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New Media is the New Museum, Part 2

Experiencing art is permission enough to break the rules

By Pamela Rutledge and Bonnie Buckner

In the last post New Media IS the New Museum, part 1, we wrote that Arianna Huffington overlooked two important points about the role of social media in culture generally and museums specifically. (Museums 2.0: What Happens When Great Art Meets New Media? ) The first point was how cultural shifts change the way media technologies are used to augment experience, not detract from it. In this post, we will talk about point 2: is there a right way to experience art?

Tourists taking photographs in the Van Gogh Museum, Amsterdam

Tourists taking photographs in the Van Gogh Museum, Amsterdam

Ms. Huffington wrote about the potential for detrimental effects of new media in museums, arguing that it disturbs the quiet contemplation museums uniquely bring the individual. She cites Edward Rothstein, the New York Times' cultural critic-at-large, who believes that artifacts are to be observed, and that shamefully, today’s audiences with their smart phones and video cameras make memories out of artifacts before they’ve had a chance to contemplate deeper meaning. This implies that there is a right way to experience art and antiquity. Extended, it implies who is allowed to make and enjoy art. Defining how art is to be enjoyed and appreciated is rather an ethnocentric stance.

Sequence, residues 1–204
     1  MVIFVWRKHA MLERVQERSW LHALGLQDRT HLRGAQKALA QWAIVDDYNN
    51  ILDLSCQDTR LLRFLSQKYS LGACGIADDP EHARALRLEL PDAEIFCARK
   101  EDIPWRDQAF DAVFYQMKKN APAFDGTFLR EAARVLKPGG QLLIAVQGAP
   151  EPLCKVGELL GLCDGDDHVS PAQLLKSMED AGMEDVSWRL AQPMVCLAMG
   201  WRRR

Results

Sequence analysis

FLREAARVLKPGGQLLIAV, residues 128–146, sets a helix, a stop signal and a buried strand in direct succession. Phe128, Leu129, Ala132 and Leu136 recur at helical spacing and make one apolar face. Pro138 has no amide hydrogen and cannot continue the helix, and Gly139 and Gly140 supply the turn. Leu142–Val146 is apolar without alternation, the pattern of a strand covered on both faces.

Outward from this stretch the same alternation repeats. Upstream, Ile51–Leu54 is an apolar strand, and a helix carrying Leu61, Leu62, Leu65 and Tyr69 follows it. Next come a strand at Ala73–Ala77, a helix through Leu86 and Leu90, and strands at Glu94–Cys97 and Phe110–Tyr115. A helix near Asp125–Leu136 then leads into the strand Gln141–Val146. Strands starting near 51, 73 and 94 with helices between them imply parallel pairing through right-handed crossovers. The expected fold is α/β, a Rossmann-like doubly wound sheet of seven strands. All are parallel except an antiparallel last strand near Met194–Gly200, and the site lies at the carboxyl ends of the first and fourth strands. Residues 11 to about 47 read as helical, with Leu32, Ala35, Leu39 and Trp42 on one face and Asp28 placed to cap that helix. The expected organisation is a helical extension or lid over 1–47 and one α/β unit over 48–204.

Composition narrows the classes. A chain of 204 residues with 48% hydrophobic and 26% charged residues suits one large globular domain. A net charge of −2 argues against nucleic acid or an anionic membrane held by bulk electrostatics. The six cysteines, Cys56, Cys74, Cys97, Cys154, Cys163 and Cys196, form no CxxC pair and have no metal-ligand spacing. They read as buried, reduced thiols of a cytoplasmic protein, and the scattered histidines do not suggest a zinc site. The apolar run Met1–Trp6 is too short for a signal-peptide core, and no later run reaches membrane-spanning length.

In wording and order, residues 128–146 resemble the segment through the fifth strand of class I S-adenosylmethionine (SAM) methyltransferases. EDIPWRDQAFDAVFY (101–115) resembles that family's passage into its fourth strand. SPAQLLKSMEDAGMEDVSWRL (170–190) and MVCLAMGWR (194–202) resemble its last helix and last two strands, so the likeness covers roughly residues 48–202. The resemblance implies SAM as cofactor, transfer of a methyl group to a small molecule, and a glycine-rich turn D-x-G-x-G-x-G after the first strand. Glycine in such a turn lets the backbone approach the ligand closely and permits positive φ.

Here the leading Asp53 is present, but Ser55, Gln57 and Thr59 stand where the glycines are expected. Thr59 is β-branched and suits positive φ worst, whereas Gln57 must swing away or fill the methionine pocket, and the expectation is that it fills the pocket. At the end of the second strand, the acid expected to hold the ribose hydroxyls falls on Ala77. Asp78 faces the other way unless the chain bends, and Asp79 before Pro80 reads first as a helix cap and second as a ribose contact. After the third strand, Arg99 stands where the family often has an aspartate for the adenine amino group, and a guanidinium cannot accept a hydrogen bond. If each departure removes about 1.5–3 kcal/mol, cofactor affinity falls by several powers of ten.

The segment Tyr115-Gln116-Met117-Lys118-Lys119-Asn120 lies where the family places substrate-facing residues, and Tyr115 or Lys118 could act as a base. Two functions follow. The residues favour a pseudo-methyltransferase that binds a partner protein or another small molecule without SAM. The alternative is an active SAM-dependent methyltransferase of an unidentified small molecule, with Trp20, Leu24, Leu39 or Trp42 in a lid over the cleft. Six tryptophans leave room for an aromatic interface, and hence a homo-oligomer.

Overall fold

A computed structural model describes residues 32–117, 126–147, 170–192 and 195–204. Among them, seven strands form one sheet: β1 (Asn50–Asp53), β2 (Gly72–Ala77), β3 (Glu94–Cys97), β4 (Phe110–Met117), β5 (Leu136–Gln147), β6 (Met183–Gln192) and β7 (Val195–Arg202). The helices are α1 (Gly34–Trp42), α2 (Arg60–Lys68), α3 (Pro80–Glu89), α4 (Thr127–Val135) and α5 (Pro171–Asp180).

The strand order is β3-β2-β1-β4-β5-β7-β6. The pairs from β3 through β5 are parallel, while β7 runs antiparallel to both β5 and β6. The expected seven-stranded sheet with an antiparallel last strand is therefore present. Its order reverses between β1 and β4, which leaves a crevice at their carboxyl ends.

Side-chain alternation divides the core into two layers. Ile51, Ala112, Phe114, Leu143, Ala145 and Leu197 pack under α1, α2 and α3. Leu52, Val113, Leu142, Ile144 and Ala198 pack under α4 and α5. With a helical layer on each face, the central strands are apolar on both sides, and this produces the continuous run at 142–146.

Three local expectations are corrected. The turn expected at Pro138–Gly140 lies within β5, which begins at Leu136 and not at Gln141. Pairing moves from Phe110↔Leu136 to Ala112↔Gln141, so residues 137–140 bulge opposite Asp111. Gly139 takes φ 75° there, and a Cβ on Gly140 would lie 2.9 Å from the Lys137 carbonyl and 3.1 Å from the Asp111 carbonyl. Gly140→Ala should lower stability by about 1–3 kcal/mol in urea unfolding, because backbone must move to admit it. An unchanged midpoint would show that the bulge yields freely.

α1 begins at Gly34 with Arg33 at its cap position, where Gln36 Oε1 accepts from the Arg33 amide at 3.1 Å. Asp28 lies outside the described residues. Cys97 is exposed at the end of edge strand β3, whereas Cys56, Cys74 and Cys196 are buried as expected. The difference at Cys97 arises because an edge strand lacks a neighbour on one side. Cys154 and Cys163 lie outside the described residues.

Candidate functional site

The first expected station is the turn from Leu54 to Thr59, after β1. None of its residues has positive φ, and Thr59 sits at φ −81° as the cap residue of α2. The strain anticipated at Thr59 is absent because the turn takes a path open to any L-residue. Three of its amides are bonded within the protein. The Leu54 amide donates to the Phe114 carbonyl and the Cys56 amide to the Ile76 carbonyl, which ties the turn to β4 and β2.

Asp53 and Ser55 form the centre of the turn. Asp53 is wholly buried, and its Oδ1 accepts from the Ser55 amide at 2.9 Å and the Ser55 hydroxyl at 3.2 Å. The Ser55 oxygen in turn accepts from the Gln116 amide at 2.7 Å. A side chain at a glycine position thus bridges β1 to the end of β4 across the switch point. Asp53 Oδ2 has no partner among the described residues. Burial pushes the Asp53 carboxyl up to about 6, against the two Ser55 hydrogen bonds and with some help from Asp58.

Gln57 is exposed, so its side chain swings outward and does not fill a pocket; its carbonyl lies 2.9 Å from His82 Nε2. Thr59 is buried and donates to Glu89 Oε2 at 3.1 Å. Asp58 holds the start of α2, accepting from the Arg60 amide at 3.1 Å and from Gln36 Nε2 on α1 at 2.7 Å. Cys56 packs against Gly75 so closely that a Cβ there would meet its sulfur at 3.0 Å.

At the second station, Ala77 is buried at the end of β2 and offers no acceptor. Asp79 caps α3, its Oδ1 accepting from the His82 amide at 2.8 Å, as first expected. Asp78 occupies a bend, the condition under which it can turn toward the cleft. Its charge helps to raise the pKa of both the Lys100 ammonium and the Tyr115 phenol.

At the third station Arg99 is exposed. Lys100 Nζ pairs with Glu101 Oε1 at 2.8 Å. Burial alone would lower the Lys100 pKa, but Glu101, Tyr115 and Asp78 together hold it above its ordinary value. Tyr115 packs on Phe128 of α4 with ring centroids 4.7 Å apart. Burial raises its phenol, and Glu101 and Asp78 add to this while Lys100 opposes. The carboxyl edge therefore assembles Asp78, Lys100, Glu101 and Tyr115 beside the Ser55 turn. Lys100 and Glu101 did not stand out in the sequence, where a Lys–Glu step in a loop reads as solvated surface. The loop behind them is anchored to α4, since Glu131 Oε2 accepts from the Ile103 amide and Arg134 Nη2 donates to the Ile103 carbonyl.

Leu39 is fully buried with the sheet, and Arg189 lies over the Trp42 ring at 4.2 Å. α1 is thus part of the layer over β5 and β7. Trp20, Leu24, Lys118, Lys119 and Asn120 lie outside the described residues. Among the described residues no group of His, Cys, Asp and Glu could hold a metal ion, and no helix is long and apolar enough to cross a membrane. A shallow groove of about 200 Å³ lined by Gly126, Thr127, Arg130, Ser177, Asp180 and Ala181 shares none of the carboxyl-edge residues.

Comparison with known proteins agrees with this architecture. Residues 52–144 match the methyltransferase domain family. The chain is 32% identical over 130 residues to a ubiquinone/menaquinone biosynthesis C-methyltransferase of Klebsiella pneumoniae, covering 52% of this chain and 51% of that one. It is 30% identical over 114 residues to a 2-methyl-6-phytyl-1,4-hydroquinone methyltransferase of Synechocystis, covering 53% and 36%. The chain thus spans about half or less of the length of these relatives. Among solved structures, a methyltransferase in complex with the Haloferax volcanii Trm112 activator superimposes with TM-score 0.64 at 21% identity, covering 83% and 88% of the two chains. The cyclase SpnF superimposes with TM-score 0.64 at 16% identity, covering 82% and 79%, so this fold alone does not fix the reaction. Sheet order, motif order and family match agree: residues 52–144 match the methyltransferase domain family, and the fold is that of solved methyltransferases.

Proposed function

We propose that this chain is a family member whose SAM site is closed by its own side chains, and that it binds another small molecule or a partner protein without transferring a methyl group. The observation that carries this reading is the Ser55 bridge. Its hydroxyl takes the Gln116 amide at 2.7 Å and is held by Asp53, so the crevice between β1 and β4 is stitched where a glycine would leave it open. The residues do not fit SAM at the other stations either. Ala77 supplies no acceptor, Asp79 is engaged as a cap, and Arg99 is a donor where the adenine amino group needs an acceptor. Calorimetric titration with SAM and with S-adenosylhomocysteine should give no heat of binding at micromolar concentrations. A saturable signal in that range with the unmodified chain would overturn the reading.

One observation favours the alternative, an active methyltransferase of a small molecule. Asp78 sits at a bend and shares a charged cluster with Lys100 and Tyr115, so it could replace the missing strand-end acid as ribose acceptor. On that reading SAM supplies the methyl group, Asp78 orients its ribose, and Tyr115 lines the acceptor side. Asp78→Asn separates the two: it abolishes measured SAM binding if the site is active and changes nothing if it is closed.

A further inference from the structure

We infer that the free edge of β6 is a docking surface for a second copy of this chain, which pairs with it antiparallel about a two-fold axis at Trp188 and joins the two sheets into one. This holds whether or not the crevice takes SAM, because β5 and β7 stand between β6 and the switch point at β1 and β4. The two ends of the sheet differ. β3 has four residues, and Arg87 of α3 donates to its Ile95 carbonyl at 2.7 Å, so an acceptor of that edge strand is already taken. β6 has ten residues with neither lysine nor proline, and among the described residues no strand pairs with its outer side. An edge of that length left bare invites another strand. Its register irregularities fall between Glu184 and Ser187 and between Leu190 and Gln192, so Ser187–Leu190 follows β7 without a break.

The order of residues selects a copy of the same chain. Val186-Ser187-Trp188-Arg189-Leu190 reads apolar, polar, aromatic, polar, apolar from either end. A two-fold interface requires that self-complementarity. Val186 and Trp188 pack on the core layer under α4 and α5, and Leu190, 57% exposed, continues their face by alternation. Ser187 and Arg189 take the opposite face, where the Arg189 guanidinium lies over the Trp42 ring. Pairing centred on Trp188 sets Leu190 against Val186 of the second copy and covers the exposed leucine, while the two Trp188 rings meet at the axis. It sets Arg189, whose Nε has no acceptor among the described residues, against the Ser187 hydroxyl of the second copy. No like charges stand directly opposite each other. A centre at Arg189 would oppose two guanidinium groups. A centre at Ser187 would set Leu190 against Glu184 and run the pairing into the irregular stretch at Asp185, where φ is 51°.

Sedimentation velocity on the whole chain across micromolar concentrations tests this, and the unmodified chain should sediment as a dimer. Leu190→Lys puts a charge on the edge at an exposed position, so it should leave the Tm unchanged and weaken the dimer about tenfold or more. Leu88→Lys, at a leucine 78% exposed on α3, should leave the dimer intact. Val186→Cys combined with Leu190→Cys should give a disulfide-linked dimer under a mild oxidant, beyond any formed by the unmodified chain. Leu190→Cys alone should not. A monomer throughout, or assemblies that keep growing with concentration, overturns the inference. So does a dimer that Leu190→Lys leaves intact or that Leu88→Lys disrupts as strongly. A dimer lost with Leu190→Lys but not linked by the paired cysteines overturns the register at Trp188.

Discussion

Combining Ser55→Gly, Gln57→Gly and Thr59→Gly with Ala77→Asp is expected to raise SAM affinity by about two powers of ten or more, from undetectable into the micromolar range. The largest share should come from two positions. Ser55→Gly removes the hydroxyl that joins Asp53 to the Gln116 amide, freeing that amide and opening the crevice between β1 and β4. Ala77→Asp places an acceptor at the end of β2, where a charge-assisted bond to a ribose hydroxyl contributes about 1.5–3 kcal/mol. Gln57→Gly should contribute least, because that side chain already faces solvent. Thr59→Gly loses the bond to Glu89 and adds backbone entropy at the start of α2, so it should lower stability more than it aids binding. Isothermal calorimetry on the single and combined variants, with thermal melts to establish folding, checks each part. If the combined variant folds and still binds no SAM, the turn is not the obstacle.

This raises an age-old question: What is art? Is art defined by who makes it? If a person is considered an artist and presents it to the public, is it art? How do we decide who is rightfully an ‘artist’?

Is it essential that we must observe something quietly, contemplate it in private, or perhaps discuss it over tea to achieve a deeper understanding or appreciation? We’re pretty sure Picasso hoped for a more rousing response to the raw emotion he portrayed in Guernica. What is the point of work like Diane Arbus’ influential and controversial photographs of “freaks” (her word, not ours) if we don’t share and act on new understandings of difference and image? For many, quietly contemplating art would be akin to showing up at a demonstration by Gandhi, clapping your hands politely and then going home to a nice dinner. Our view is that art is inherently social and political, representing and challenging aspects of the human condition. It is demanding and requires a response. So the real question is: who gets to decide what is the “right” experience or response?

Social media is personal expression shared en masse. Media communication was a one-way, passive receiver model for decades. This was not a choice because it was the “best” way; it was the available way given the affordances of the technology. That is no longer true. Communication is now many-to-many and participatory, as is art. Art and cultural artifacts are no longer produced only by an elite few. They can be, and are, produced by many. Even the art produced by rare and talented individuals finds new voice and expression through the interaction and leverage available through technology. Some art production is original and profound, but some art is additive and equally as powerful, as content is co-opted and personalized, synthesized, alchemized, and transformed into living culture.